Opinion: A year into the thaw, Cubans continue to labor under miserable conditions
Thousands of Cubans are stranded at the border between Costa Rica and Nicaragua, almost exactly one year after President Obama fulfilled a long-held liberal wish: the normalization of relations with Cuba.
The idea behind normalization, of course, was that replacing coldness and embargo with positive exchanges between the two countries would result in improved conditions for the Cuban people. Now, the presence of upwards of 8,000 aspiring migrants in Costa Rica is a sign that hope for progress on the island has been frustrated.
The worst possible outcome is one where the fear of the those rushing for the exits is justified, and the Obama administration does the bidding of the Castro regime once again, closing the door through which so many have left Cuba to reach the land where dreams come true.
There has actually been a sharp spike in migration to the U.S. since the thaw, both with visas to third countries like Ecuador, and with dangerous attempts to cross the straits in rickety boats. This is due to frustration with the lack of progress but also to fear that the Obama administration will cave to recent demands from Cuba to change the decades-long immigration policy that grants residency to Cubans that reach the United States.
Those who vociferously opposed the administration’s overtures and concessions, citing concerns that easing travel restrictions would only boost revenues for the Cuban government, were told that the thaw would also bring a breath of freedom to the suffocating people. Comfortable interactions with American tourists, investment opportunities and the elevation of the country in international opinion from pariah to flawed-but-friendly neighbor would translate into a concrete improvement in human rights for the island’s people.
However, far from enjoying new freedoms, a year into the thaw Cubans continue to labor under miserable conditions imposed from above. Empty government-store shelves, salaries with tragically low caps, the lowest internet access in the world, crowded and crumbling housing, universal but woefully inadequate healthcare — these are just a few of the things that haven’t changed.
The beautiful European-owned resorts (now filling with American tourists) continue to pay the government proper living wages for their Cuban employees, most of which money the government pockets. The employees receive a miserable slave-wage for their labor, and try to subsist on tips. Abuse and oppression of political dissidents and critics of the government has accelerated sharply this year, with the Havana-based Cuban Commission on Human rights reporting 7,686 political arrests through November. Dozens of dissidents, including several Ladies in White, were arrested on December 10: Human Rights Day.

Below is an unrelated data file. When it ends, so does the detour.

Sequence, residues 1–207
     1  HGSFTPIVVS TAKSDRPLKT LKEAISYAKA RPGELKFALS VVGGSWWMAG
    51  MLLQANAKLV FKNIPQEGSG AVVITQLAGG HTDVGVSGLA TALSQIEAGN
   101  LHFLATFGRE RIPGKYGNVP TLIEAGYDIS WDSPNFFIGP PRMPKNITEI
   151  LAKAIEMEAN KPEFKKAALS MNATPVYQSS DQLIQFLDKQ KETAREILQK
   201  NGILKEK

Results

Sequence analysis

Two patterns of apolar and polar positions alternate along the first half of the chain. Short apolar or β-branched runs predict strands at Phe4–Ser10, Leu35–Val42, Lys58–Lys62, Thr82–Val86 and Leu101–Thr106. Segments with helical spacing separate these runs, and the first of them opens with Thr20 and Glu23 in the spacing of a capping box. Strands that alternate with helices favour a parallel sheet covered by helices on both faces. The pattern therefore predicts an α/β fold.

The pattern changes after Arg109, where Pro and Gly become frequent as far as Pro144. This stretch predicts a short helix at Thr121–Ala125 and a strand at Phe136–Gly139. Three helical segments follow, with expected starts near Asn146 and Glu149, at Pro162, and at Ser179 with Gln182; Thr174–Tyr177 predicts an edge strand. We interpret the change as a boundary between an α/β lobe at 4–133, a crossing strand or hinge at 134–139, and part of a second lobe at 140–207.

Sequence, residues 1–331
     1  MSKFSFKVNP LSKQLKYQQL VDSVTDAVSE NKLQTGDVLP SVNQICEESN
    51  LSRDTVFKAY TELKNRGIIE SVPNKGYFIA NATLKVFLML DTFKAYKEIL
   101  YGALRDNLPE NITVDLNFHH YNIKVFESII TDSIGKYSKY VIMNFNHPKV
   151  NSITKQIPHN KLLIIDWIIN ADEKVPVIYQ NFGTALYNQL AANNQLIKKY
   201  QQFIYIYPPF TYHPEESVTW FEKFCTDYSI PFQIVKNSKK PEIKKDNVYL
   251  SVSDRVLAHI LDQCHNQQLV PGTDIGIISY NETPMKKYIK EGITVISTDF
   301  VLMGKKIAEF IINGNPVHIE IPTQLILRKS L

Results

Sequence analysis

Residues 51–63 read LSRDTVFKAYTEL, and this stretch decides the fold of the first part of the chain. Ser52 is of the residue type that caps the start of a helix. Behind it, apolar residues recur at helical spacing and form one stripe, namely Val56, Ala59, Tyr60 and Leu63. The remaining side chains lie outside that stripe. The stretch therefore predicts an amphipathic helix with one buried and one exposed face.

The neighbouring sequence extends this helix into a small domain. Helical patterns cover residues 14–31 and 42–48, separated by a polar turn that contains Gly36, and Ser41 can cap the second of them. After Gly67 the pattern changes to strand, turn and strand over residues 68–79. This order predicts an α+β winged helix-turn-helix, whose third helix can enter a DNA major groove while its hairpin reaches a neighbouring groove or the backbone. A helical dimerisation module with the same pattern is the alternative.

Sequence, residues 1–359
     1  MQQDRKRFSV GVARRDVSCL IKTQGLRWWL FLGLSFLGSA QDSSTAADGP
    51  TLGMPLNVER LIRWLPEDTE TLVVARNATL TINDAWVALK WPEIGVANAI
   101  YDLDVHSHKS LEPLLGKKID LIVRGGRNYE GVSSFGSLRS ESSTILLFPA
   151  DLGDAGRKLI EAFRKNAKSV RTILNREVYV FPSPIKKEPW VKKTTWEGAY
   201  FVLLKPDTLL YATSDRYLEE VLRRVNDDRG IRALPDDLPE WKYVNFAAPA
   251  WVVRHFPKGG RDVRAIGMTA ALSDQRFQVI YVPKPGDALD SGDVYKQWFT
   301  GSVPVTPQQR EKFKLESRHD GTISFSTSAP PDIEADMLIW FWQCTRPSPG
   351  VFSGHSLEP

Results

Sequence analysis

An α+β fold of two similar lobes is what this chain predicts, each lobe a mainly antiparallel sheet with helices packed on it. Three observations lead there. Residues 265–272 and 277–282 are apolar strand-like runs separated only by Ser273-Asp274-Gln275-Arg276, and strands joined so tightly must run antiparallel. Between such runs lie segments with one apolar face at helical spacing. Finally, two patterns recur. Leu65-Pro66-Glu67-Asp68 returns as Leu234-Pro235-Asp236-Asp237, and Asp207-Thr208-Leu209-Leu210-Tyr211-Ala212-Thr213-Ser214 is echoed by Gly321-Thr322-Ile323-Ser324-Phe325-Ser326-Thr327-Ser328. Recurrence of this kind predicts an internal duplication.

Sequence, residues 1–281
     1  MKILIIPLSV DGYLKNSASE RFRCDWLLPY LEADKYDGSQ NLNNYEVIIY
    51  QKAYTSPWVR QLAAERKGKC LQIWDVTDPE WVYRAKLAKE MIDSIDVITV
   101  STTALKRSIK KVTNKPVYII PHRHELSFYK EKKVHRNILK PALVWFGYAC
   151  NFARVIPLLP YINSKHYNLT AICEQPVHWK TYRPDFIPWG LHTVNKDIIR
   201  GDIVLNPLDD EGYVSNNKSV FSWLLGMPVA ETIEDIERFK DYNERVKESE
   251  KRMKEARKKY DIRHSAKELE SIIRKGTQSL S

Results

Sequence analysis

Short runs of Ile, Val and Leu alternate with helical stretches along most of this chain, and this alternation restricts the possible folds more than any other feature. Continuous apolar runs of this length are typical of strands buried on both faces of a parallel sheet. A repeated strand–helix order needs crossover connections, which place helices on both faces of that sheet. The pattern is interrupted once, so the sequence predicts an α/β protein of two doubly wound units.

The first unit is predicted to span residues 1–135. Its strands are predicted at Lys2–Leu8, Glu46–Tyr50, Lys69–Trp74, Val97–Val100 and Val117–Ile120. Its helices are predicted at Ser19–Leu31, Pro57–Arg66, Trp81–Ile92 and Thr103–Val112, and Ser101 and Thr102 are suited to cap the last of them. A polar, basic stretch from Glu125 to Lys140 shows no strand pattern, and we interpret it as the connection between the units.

Cubans are voting with their feet and Miami is full of the newly arrived. They are waitressing in seemingly every restaurant, driving every Uber, and clerking behind every counter. They are young, pleasant, hard working and enthusiastic. Their smiles are infectious and their accents slow and drawling. The thousands stuck in Central America will do anything to join their ranks.
Cuban officials have stepped up pressure on the Obama administration to close the special loophole that grants residency almost automatically to any Cuban who can reach our shores — the so-called “dry-foot” law. Cuba argues that this policy encourages dangerous migration attempts. It is more likely that the Cuban government would simply like the U.S. to stop acting like Cuba is the kind of place that people want to escape from. The dry-foot law is a clear acknowledgement of the awful fact that just 90 miles from our shores, in our very own hemisphere, is one of the most repressive and unjust societies in the world.
Cuba also complains about the brain drain that this policy causes. Many of the thousands leaving the island for the U.S. are professionals, some of them taking advantage of a special 2006 program that offers American residency to medical workers from the island who are posted overseas. Cuba rents out the services of tens of thousands of nurses, dentists and doctors in exchange for millions of dollars worth of oil and cash. The professionals receive a bare stipend and live in squalid conditions, working at what Cuba calls “medical diplomacy” but what could more properly be called indentured servitude.
On Monday, Central American nations announced a deal that would allow the thousands of Cubans stranded in Costa Rica to continue to make their way north to the United States. On Sunday Pope Francis himself called for a quick resolution to the developing humanitarian crisis.
This is excellent news for the migrants trapped in Costa Rica. Better news would be a real improvement of conditions on the island, so that those that dream of a better future could start to imagine one at home. The worst possible outcome is one where the fear of the those rushing for the exits is justified, and the Obama administration does the bidding of the Castro regime once again, closing the door through which so many have left Cuba to reach the land where dreams come true.